The Great Indoors

The Great Indoors

Escape the summer heat at these matsuri-inspired food courts


Originally published on on June 2009

Photos courtesy of Food Stadium

Photos courtesy of Food Stadium

From yatai food stalls to street-festival booths, Tokyo’s summer dining scene is all about al fresco eating. The newest trend, however, brings the yokocho inside, with hordes of smaller restaurants teaming up to form mighty mini-malls of gastronomy. Restaurant-hopping has never been so cool and easy.

Ebisu Yokocho
Created in response to the proliferation of mega-chain izakaya, this strip of small vendors in Ebisu brings a taste of the rugged Showa Era back to Tokyo’s slick urban landscape. Some 13 stalls that seat no more than a dozen customers each are located here, each trotting out traditional Japanese themes like Kyushu spicy cod roe and Kyoto-style oden; there’s even a bar called Café Amigos, modeled after the drinking dens of the postwar era when everything America was in vogue. Don’t miss the shellfish-themed Uomaru, which serves fresh delicacies like grilled abalone, sazae and the house specialty, zenbukkake sushi, which translates roughly as “throw every damn thing on there” sushi. Many of the shops are open until the wee hours.

1-7-4 Ebisu, Shibuya-ku. Tel: 03-3447-6677. Most shops open daily. Call each restaurant for hours.
Akasaka Koji
If all you want to do is grab a few drinks—but not all in the same place—try bar-hopping in Akasaka Koji, a.k.a. Song Bar Street (pictured). This newly opened yokocho features eight smallish, themed bars reminiscent of Japanese “snacks.” But the real novelty is that each comes equipped with a karaoke machine, allowing you to sing songs with a small group of friends or with a few like-minded and highly intoxicated strangers. Most of the pubs are open until the first train, with the Western-themed Smiler’s Bar operating until 7am. Each serves specific foods as well: the Yasagure Ryukyu Panda features Okinawan cuisine, over a dozen varieties of awamori—and a bartender occasionally decked out in a panda costume. For a New Age snack bar experience, the Knight Club markets itself as “the gay bar for first-timers,” with a welcoming mama-san eager to get parties started.

2-13-18 Akasaka, Minato-ku. Tel: 03-5114-5500. Open Mon-Sat from 5pm, closed Sun & hols. Call for specific hours.

Kanda Meat Center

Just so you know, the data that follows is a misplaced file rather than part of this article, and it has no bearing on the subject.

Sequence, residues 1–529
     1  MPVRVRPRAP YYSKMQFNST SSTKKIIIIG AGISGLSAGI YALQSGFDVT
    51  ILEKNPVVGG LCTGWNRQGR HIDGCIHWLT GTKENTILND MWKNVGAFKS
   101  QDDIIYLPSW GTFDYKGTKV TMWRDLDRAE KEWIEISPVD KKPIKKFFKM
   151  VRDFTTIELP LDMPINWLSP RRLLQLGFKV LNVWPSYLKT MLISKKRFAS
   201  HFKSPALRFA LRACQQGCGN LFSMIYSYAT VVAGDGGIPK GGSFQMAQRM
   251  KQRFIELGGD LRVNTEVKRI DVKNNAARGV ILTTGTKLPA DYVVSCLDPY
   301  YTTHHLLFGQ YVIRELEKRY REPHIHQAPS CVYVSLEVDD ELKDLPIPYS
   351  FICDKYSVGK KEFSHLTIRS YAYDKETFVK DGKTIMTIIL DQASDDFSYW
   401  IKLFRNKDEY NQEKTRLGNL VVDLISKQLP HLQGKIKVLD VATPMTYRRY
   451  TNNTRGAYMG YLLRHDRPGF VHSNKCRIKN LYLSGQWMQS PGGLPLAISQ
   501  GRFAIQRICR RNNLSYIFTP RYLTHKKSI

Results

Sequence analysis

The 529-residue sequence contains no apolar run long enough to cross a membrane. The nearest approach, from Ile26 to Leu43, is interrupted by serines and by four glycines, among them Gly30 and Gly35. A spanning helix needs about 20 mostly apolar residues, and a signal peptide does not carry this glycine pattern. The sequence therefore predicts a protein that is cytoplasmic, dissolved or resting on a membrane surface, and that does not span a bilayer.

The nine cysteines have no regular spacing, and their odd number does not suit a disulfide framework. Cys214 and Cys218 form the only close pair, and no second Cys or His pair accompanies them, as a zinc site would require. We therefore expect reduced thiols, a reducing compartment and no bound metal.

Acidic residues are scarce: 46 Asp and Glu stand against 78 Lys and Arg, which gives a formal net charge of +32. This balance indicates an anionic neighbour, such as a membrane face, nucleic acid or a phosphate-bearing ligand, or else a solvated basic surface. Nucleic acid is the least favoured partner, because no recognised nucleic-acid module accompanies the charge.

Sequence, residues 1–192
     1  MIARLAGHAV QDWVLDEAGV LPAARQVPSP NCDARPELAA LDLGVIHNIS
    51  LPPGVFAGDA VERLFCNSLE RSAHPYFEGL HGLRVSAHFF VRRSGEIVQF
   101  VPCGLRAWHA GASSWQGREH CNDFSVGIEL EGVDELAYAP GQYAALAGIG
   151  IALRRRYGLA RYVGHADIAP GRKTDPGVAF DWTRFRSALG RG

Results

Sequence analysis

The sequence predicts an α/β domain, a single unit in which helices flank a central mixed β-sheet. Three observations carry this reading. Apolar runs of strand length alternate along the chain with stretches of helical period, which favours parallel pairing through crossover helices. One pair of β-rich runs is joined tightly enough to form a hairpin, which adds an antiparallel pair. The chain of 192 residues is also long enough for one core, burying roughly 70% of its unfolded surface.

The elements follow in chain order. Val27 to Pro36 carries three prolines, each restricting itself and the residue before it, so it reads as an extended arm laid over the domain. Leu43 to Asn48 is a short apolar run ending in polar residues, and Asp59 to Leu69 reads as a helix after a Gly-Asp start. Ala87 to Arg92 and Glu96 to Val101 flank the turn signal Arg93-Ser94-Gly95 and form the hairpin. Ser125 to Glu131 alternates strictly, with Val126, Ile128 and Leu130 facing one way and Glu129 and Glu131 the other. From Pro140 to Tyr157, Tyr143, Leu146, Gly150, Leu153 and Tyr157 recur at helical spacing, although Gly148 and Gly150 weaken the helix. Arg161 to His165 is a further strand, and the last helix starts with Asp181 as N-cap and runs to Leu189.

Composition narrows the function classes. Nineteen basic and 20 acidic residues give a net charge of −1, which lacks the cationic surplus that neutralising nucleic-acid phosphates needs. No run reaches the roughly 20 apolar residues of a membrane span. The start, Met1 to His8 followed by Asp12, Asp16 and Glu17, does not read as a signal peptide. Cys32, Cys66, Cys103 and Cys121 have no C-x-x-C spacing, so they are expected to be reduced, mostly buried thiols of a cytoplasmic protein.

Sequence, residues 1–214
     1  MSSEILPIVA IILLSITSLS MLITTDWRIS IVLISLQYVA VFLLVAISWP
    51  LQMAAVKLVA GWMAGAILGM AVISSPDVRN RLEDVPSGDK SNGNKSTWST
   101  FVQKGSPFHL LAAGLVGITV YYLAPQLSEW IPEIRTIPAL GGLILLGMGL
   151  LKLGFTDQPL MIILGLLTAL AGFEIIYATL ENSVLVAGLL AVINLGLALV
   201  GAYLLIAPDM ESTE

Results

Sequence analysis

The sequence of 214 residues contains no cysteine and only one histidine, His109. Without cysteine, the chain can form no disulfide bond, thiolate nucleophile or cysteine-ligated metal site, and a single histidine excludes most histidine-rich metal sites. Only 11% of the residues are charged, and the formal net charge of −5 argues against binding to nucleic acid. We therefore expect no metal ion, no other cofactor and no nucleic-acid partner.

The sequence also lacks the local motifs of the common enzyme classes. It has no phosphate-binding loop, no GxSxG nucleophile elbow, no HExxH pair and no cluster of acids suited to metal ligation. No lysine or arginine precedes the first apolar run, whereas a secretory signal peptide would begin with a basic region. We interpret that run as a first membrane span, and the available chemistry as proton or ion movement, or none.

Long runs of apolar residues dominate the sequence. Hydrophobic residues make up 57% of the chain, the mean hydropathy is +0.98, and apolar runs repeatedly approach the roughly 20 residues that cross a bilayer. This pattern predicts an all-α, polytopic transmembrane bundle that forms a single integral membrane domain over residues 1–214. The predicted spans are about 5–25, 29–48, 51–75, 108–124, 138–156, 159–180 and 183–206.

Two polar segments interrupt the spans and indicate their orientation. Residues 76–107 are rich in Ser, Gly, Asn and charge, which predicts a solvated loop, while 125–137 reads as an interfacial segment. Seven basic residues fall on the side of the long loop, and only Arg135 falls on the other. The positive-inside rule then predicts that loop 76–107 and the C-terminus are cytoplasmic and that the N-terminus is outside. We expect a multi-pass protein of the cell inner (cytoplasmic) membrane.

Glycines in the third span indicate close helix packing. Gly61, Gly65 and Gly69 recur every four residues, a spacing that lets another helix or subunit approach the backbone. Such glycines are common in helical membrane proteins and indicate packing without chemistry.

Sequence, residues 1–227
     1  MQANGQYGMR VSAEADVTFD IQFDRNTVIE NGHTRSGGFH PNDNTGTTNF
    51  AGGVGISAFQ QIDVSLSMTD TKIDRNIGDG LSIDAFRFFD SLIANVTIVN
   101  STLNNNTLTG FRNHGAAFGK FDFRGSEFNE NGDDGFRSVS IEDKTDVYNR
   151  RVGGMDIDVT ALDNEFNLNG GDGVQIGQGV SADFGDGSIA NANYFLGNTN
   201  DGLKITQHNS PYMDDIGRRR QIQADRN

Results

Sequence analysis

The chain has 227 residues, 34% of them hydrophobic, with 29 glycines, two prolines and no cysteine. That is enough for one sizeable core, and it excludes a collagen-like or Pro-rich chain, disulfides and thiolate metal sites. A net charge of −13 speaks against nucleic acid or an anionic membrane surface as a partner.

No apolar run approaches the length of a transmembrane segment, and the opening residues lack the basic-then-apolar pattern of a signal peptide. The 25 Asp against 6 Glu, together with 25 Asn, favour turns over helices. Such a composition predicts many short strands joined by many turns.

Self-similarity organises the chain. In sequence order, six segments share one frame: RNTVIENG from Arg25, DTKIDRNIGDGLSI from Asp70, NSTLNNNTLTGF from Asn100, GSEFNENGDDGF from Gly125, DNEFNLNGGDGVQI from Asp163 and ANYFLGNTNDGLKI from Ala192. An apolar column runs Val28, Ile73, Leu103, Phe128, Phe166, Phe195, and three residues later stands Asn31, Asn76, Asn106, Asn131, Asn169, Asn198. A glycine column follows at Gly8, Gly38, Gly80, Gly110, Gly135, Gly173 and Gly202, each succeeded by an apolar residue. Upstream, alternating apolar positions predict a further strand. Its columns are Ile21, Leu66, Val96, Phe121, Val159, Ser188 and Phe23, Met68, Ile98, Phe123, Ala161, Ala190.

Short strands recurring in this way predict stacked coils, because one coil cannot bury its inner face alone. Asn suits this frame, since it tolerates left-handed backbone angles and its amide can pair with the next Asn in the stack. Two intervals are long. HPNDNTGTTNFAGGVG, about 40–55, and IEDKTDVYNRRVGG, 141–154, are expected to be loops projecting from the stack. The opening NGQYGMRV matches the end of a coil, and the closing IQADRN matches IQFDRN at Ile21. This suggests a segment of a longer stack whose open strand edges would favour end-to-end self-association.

Carnivores will have a field day at Kanda Meat Center, whose seven restaurants serve juicy bits from a variety of beasts. While a meat-only meal might seem one-dimensional to some, KMC will make you realize that there are delicious parts of animals, and ways of preparing them, that you probably never knew existed. This is the place for neophytes to try horse meat, which is the only thing on the menu at Umakuro. Less traditional dishes include the flame-broiled chicken California roll at Kinki Shoku Dori and the airy foie gras chazuke at Guri Guri Grill. Everything at KMC is reasonably priced—even the Hoppy, which is served at every restaurant—but perhaps the best buy is Niku no Kubota’s ¥500 lunchtime meat bowls. One last note: in true retro fashion, a singing guitarist strolls from table to table taking requests.

1-6-7 Kajicho, Chiyoda-ku. Tel: 03-3256-7155. Open Mon-Sat 11:30am-2pm and 4pm-midnight. Call each restaurant for hours.

Ginza Rokkei
As you might expect of a dining complex in Tokyo’s most upscale neighborhood, Ginza Rokkei’s restaurants sport higher price tags, but also more elaborately prepared food. Located at the bottom of the chic Velvia-kan building, Rokkei has six (unnamed) eating areas for the “six seasons” of its name: teppanyaki, deep-fried kushi skewers, yakitori, oden, okonomiyaki and traditional home-style cooking served up in austere surroundings of wood and tatami. Each venue gets crowded on the weekends, especially the über-popular and reasonably priced okonomiyaki joint, but if you find you prefer the atmosphere of a single haunt over the others, plop yourself down there and then order dishes from any of the other kitchens. The centerpiece is a classy New York-themed pub, where premier beers are served on tap.

Velvia-kan B1, 2-4-6 Ginza, Chuo-ku. Tel: 03-5524-7772. Open Mon-Sat 11:30am-2:30pm and 5-11:30pm, Sun & hols 11:30am-9pm.
If you feel that dining comes in a close second to window-shopping and people-watching, head to this food court located in the upscale Tokyo Midtown complex. Somewhat surprisingly given its address, is the most budget-conscious option on this list, and it also offers the biggest hodgepodge of cuisines. Whether you’re in the mood for curries, pasta, sweets, Chinese food, traditional teishoku, or a simple cocktail, it’s all here—and usually under ¥1,000. Some of the counters serve raw meat, seafood and other ingredients that you can ask the cooks to prepare to your liking. is always promoting itself in novel ways—the most recent bargain featured ¥100 tapas. That’s one reason the bar is usually packed during happy hours.

Tokyo Midtown D-B129, 9-7-4 Akasaka, Minato-ku. Tel: 03-5413-0579. Open daily 10am-11pm.